Let's talk Pixie-Bobs

If you can’t decide between a cat or a dog then the Pixie-Bob cat may be a good compromise. The Pixie-Bob is a large cat who enjoys playing fetch and walking on a leash. This thoroughly modern feline made its first appearance in 1985 in the US, and has two distinguishing physical traits: A stumpy tail and extra toes (sometimes, not always). Their chill temperament means the Pixie-Bob adapts well to family life, forming strong bonds with their humans, which includes children.

Official name: Pixie-Bob

Origins: United States

Shedding level:


Warm weather? Very low
Energy level (high, low, medium) *: High Family pet? * Very high
Compatibility with other pets:
Very high

* We advise against leaving pets alone for long stretches. Companionship can prevent emotional distress and destructive behaviour. Speak to your veterinarian for recommendations.

Every pet is different, even within a breed; this snapshot of this breed’s specifics should be taken as an indication.

For a happy, healthy and well-behaved pet, we recommend educating and socialising your pet as well as covering their basic welfare, social and behavioural needs.

Pets should never be left unsupervised with a child.

All domestic pets are sociable and prefer company. However, they can be taught to cope with solitude from an early age. Seek the advice of your veterinarian or trainer to help you do this.

25 - 30 cm translations.feature.breeds.height
4 - 8 kg translations.feature.breeds.weight
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3 - 7 kg translations.feature.breeds.weight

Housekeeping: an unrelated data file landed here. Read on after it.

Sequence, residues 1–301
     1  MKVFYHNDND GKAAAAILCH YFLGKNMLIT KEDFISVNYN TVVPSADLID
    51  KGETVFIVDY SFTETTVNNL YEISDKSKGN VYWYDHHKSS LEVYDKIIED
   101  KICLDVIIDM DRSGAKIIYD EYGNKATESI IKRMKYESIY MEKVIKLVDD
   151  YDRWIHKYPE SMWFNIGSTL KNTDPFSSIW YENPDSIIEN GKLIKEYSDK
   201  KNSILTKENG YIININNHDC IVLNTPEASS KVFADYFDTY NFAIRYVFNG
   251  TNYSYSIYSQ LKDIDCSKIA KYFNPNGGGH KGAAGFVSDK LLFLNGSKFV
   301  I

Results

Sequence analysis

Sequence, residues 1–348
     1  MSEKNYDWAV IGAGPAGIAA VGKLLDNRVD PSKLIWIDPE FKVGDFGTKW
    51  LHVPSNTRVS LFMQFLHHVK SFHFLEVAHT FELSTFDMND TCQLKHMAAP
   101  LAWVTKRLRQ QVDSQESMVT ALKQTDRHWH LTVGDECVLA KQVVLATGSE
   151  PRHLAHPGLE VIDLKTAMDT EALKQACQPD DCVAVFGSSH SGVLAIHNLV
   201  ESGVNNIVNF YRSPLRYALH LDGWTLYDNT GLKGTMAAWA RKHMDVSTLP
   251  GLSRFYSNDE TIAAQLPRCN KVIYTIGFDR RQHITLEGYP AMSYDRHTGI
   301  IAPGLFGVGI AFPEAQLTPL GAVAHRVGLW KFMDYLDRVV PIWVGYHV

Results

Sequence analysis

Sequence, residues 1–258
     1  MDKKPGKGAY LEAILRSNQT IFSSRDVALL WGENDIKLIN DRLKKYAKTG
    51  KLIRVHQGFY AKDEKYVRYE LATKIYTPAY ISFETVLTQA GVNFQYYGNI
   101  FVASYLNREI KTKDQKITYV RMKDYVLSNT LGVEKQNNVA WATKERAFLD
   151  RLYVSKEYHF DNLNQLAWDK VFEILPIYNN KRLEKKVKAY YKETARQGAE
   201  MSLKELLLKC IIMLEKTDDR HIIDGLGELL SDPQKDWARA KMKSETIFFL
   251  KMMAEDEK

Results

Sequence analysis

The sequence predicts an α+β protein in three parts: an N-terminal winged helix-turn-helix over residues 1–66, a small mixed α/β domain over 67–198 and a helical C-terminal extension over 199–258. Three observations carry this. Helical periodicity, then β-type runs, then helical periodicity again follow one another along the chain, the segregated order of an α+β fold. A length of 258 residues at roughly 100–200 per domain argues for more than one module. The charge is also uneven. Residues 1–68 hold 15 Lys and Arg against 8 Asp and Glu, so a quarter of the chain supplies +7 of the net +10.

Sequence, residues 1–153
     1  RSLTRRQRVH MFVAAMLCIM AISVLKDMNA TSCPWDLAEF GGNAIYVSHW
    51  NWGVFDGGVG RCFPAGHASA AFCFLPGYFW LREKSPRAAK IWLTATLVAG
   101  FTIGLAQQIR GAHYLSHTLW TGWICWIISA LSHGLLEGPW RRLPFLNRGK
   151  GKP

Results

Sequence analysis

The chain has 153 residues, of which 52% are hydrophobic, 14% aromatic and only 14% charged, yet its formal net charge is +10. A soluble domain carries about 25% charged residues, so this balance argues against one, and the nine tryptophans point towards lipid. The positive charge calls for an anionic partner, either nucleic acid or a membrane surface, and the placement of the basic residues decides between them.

Baby age:  Birth to 4 months
 Kitten age:  4 to 12 months
 Adult age:  1 to 7 years
 Mature age:  7 to 12 years
 Senior age:  From 12 years


Origins of the breed

For many enthusiasts, the Labrador Retriever remains one of the most popular all-round dogs worldwide. It’s thought that Labrador Retrievers originated from the coast of Newfoundland, Canada, where fishermen used dogs of this appearance to retrieve fish. The breed as we know it today, however, was established by the British in the early 1800’s.

The Labrador Retriever Club was founded in 1916 and the first standard followed soon after, predominantly tailored to working Labrador Retrievers who found early fame, having been originally introduced to the U.K. in the late 1800’s by Col Peter Hawker and the Earl of Malmesbury.


2 facts about Pixie-Bobs

1. Let’s do a recount 

The Pixie-Bob is not the only breed to be polydactyl, which means they sometimes have a few extra toes on one or more of their paws. However, it is the only breed who has it as a physical characteristic in their standard.

2. Skin deep

One more special physical characteristic of the Pixie-Bob is their coat pattern, which actually goes all the way down to their skin. So if you ever shaved a Pixie-Bob – something we do not encourage – their body would show their coat markings.


History of the breed